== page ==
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News & Media

Latest ITER Newsline

  • IAEA and ITER | Even closer cooperation

    Under Practical Arrangements signed in June, the International Atomic Energy Agency and the ITER Organization will be expanding and deepening a long history of [...]

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  • Neutral Beam Test Facility | High voltage component for MITICA

    Creating reliable high-energy neutral beams at ITER parameters, from a negative ion source, requires such a large technological leap that the components of the [...]

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  • 24th ITER Council | En route to First Plasma, 63% of the work is done

    The ITER Council has met for the twenty-fourth time since the signature of the ITER Agreement. Representatives from China, the European Union, India, Japan, Kor [...]

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  • Upper ports | A very international effort

    The 18 upper ports of the ITER vacuum vessel are procured by Russia, manufactured in Germany, and mounted (in part) on the vessel sectors by contractors in Ital [...]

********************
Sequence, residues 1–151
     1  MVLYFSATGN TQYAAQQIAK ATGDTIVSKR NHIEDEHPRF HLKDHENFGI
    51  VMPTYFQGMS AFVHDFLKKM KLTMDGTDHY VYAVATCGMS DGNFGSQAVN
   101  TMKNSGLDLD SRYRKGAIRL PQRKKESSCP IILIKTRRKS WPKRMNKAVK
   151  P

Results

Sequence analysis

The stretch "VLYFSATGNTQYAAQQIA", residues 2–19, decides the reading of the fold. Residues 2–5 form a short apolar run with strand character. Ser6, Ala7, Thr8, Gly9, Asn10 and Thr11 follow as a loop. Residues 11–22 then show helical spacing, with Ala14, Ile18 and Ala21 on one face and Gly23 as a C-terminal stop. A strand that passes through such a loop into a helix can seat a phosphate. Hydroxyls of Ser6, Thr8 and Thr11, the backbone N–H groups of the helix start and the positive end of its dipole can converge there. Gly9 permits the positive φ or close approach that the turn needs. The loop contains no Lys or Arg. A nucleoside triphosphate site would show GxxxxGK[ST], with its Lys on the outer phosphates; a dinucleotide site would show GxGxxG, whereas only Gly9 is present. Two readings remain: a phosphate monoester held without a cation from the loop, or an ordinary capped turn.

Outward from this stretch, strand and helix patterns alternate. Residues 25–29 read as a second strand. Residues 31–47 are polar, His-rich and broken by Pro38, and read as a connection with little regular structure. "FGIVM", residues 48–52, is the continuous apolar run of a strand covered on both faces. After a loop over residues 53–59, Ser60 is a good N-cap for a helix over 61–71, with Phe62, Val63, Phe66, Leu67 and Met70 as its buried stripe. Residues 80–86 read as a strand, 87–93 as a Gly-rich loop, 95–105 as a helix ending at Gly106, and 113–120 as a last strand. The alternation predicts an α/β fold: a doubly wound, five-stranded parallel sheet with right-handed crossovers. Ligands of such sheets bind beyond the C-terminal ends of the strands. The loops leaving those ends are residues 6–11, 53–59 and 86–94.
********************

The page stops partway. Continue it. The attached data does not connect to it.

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  • Paint job | One level done, five to go

    The job is done and the effect is spectacular. At the deepest basement level (B2) of the Tokamak Building, the floors, walls, and ceilings are now perfectly whi [...]

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Of Interest

See archived entries

"Awesome!"

Véronique Marfaing

Professor Tommasi and students from Bentley University in Boston. (Click to view larger version...)
Professor Tommasi and students from Bentley University in Boston.
On 12 March, twenty American students from Bentley University (Boston) visited ITER.

Their visit was part of a nine-day tour in France within the context of Bachelor of Science studies and a course on energy economics. Before coming to ITER, they had visited French EDF electrical facilities.

The students' main interests concerned the economics of energy, but they also showed interest in the international nature of the ITER project. Philippe Chappuis from the Tokamak Directorate presented them with a wide overview of the technical challenges of the machine and the scientific collaboration.

One of the twenty-year-old students—Irene Pasquale, interested in working later on environmental matters—commented: "This giant project is awesome! It's really interesting to see the construction phase."

John Richard Tommasi, the professor accompanying the group, promised that his students would continue to follow ITER progress upon their return and that he would return with another group in the near future.


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